Every world chess champion possessed his own unique playing style. Tigran Petrosian was dubbed “Iron Tigran” due to his impregnable defensive style. Anatoly Carpov’s positional style earned him the nickname “boa constrictor”. Jose Raul Capablana was known as the “human chess machine” because of the relentlessly accurate manner in which he bested his opponents.
Were Commissioner Vestager to play high-level chess, she would probably play like Mikhail Tal. The so-called “Magician from Riga” was a formidable world chess champion. Known for his creative attacking style, Tal was daring and unpredictable on the chess board. His dramatic combinational play allowed him to confuse and rattle his opponents, who would usually proceed to make errors and concede defeat.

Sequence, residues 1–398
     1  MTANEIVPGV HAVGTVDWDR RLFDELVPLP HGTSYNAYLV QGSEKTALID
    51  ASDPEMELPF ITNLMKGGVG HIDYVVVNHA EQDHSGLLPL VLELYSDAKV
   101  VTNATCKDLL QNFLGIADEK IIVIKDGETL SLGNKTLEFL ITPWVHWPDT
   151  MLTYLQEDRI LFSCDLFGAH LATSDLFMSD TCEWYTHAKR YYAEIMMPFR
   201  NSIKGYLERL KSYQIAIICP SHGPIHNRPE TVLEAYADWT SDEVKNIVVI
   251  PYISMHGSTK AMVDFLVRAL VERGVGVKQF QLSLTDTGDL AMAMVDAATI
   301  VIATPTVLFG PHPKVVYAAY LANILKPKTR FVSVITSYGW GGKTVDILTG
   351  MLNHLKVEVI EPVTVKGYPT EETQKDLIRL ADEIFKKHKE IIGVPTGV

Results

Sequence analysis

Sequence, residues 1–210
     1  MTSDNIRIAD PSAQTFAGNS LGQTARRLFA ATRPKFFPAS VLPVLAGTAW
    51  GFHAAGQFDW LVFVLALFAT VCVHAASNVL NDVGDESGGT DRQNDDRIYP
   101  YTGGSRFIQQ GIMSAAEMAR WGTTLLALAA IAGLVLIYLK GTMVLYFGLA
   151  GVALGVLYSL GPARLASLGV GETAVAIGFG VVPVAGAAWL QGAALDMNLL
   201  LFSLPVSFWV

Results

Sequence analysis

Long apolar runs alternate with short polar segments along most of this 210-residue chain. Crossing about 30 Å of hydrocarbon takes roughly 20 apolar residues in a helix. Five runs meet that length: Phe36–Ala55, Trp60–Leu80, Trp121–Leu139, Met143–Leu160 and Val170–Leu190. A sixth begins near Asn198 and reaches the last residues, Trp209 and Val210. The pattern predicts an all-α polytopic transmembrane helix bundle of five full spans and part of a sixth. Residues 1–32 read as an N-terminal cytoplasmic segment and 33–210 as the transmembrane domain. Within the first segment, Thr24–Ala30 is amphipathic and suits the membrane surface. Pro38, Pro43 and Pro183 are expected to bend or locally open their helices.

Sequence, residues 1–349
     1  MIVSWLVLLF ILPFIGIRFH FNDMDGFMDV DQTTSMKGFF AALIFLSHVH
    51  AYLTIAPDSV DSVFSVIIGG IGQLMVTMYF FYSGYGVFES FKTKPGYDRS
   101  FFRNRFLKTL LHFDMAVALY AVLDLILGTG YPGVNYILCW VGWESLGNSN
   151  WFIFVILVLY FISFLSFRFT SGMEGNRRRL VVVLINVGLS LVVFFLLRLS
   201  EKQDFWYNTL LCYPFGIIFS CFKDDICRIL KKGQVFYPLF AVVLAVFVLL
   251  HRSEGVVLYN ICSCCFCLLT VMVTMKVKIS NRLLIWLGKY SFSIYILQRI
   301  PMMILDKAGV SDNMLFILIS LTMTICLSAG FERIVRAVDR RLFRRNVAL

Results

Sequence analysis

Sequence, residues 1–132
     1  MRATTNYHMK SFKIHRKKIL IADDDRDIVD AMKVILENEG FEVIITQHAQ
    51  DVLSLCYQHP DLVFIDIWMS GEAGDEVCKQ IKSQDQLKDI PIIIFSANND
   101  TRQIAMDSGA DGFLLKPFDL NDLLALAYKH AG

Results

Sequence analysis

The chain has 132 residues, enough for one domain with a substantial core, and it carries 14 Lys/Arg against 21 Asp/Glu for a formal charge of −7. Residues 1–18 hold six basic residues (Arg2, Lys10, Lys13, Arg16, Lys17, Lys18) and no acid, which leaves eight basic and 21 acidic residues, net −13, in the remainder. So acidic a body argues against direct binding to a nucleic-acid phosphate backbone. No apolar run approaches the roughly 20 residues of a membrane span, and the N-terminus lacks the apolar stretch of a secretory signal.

The way the board is set these days, few areas of EU competition law are as topical as fiscal state aid. The household names involved in the tax ruling cases (e.g. Apple, Amazon, Starbucks), coupled with the transatlantic tensions to which they have occasionally given rise, have brought state aid policy to the forefront of Commissioner Vestager’s work.
Building on some noteworthy quotes by Mikhail Tal, this post will endeavour to make sense of the different moving pieces on the state aid chessboard, describe the current state of play and evaluate the Commissioner’s “checkmating” odds. Continue reading